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SWAN LAKE
Ballet in three actions




SWAN LAKE
Ballet in three actions

Swan Lake

Swan Lake ballet, op. 20, by Pyotr Tchaikovsky, was composed 1875–1876. The scenario, initially in four acts, was fashioned from Russian folk tales and tells the story of Odette, a princess turned into a swan by an evil sorcerer's curse. The choreographer of the original production was Julius Reisinger. The ballet was premièred by the Bolshoi Ballet on March 4 [O.S. February 20] 1877 at the Bolshoi Theatre in Moscow, billed as The Lake of the Swans. Although it is presented in many different versions, most ballet companies base their stagings both choreographically and musically on the 1895 revival of Marius Petipa and Lev Ivanov, first staged for the Imperial Ballet on January 15, 1895, at the Mariinsky Theatre in St. Petersburg. For this revival, Tchaikovsky's score was revised[clarification needed] by the St. Petersburg Imperial Theatre's chief conductor and composer Riccardo Drigo.

Origins of the Swan Lake composition

The origins of the ballet Swan Lake are rather obscured, and since there are very few records concerning the first production of the work to have survived, there can only be speculation about who the author of the original libretto was. The most authoritative theory appears to be that it was written by Vladimir Petrovich Begichev, director of the Moscow Imperial Theatres during the time that the ballet was originally produced, and possibly Vasily Geltser, Danseur of the Moscow Imperial Bolshoi Theatre. However, Geltser was in all probability merely the first person to copy the scenario for publication, as a surviving copy bears his name. Since the first published libretto of the ballet and the actual music composed by Tchaikovsky do not correspond in many places, we may infer that the first actual published libretto was possibly crafted by a newspaper writer who had viewed the initial rehearsals, as new productions of operas and ballets were always reported in the newspapers of Imperial Russia, along with their respective scenarios.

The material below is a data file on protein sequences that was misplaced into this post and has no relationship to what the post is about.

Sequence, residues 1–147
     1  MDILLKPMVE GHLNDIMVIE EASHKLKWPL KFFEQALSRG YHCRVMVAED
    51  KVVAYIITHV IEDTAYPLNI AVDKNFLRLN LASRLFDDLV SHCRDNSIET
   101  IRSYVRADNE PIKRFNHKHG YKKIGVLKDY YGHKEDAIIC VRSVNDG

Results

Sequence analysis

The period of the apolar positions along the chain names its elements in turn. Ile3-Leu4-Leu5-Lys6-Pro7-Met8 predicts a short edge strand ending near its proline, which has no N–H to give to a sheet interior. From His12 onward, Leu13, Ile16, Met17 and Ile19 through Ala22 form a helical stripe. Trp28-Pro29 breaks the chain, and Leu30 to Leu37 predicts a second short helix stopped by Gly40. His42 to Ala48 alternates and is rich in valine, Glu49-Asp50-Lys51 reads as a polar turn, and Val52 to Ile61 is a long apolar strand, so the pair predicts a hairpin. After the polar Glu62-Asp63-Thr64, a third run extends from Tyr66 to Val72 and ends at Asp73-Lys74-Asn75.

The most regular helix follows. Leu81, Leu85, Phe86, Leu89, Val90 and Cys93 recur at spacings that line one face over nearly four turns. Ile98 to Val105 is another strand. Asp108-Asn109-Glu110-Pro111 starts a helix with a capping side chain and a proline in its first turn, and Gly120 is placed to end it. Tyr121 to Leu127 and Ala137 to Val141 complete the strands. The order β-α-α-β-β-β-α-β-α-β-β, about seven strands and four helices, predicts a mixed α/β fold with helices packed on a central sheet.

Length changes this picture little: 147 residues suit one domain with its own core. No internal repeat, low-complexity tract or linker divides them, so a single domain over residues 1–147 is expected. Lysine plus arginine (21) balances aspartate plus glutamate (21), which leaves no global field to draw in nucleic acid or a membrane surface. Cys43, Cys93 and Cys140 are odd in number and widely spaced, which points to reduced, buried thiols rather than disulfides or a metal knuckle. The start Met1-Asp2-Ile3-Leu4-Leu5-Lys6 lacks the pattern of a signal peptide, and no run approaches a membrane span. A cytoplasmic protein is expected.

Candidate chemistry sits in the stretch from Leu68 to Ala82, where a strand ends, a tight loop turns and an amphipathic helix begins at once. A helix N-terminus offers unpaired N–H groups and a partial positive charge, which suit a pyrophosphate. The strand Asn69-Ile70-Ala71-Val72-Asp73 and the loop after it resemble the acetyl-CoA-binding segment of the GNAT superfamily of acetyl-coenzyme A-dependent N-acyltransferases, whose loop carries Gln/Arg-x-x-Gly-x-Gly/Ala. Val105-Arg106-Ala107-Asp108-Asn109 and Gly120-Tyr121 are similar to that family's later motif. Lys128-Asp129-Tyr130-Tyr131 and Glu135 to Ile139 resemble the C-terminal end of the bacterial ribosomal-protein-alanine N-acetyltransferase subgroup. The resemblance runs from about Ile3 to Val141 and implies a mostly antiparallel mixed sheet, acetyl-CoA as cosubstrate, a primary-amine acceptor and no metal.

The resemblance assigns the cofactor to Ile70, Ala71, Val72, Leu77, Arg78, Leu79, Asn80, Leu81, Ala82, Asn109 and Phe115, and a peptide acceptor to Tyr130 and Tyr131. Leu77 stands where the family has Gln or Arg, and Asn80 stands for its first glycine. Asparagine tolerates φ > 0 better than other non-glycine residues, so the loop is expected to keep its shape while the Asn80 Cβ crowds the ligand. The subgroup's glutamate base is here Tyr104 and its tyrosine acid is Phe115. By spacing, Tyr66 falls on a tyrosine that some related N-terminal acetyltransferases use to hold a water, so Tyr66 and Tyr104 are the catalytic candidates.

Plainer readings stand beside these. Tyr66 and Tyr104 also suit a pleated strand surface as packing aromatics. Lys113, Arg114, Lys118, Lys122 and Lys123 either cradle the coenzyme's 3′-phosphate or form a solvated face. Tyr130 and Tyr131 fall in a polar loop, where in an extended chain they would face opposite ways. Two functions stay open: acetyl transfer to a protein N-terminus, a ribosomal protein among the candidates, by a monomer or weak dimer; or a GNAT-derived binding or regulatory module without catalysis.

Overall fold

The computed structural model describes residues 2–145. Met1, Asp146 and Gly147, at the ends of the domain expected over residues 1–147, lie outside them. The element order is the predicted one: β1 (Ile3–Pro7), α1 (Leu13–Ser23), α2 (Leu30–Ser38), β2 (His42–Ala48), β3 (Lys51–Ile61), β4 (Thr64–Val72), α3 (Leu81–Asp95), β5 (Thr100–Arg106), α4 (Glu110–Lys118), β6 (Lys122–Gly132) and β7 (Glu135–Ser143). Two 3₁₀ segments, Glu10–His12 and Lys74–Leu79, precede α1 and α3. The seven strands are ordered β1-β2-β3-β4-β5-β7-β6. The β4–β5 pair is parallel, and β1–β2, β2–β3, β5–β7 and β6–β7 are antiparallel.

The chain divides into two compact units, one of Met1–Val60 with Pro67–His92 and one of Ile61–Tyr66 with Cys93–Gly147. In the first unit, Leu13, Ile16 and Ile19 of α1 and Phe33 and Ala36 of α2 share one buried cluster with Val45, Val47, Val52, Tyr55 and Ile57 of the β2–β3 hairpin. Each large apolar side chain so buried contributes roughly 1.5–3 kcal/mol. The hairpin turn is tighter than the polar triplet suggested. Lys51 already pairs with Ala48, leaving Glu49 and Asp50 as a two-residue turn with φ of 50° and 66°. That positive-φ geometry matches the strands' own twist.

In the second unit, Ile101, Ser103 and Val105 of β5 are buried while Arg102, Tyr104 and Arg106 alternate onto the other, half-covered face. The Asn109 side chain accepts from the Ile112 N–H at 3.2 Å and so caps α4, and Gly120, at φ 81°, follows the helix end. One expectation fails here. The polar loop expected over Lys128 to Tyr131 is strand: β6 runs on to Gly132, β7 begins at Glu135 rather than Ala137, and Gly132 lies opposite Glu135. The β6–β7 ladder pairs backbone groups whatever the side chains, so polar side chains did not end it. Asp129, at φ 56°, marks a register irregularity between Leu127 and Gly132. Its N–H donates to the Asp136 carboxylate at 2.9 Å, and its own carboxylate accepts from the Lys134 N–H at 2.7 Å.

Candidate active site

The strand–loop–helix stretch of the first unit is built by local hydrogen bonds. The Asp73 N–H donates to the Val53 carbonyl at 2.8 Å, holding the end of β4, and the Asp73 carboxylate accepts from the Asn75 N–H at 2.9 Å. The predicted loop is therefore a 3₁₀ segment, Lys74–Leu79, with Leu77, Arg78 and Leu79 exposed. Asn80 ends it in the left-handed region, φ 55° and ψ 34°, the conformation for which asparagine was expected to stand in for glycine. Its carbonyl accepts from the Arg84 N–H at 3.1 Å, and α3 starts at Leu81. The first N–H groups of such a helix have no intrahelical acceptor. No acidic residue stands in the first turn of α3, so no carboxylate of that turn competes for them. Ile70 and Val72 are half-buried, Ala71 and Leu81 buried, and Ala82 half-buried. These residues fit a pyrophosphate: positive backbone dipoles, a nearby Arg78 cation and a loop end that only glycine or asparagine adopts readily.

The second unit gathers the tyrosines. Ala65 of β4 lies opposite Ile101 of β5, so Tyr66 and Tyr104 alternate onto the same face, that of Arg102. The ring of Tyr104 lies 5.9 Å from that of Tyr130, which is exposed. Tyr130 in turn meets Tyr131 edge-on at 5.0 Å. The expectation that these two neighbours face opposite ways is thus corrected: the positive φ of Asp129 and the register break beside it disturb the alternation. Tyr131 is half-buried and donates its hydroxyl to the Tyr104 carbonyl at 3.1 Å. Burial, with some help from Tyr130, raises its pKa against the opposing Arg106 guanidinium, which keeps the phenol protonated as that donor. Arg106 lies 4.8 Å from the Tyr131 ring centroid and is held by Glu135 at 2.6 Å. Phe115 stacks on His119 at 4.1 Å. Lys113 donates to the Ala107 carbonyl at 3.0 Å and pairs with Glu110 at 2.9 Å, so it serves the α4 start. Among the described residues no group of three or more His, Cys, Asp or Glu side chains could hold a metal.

According to two of Tchaikovsky's relatives—his nephew Yuri Lvovich Davydov and his niece Anna Meck-Davydov—the composer had earlier created a little ballet called The Lake of the Swans at their home in 1871. This ballet featured the famous leitmotif known as the Swan's Theme (or Song of the Swans ). Begichev commissioned the score of Swan Lake from Tchaikovsky in 1875 for a rather modest fee of 800 rubles, and soon Begichev began to choose artists that would participate in the creation of the ballet. The choreographer assigned to the production was the Czech Julius Reisinger (1827–1892), who had been engaged as balletmaster to the Ballet of the Moscow Imperial Bolshoi Theatre (today known as the Bolshoi Ballet) since 1873. It is not known what sort of collaborative processes were involved between Tchaikovsky and Reisinger. It seems that initially Tchaikovsky worked without complete knowledge of Reisinger’s specific requirements. Tchaikovsky likely had some form of instruction in composing Swan Lake, as he had to know what sort of dances would be required. But unlike the instructions that Tchaikovsky received for the scores of The Sleeping Beauty and The Nutcracker, no such written instruction is known to have survived. When Reisinger began choreographing after the score was completed, he demanded some changes from Tchaikovsky. Whether by demanding the addition or removal of a dance, Reisinger made it clear that he was to be a very large part in the creation of this piece. Although the two artists were required to collaborate, each seemed to prefer working as independently of each other as possible.

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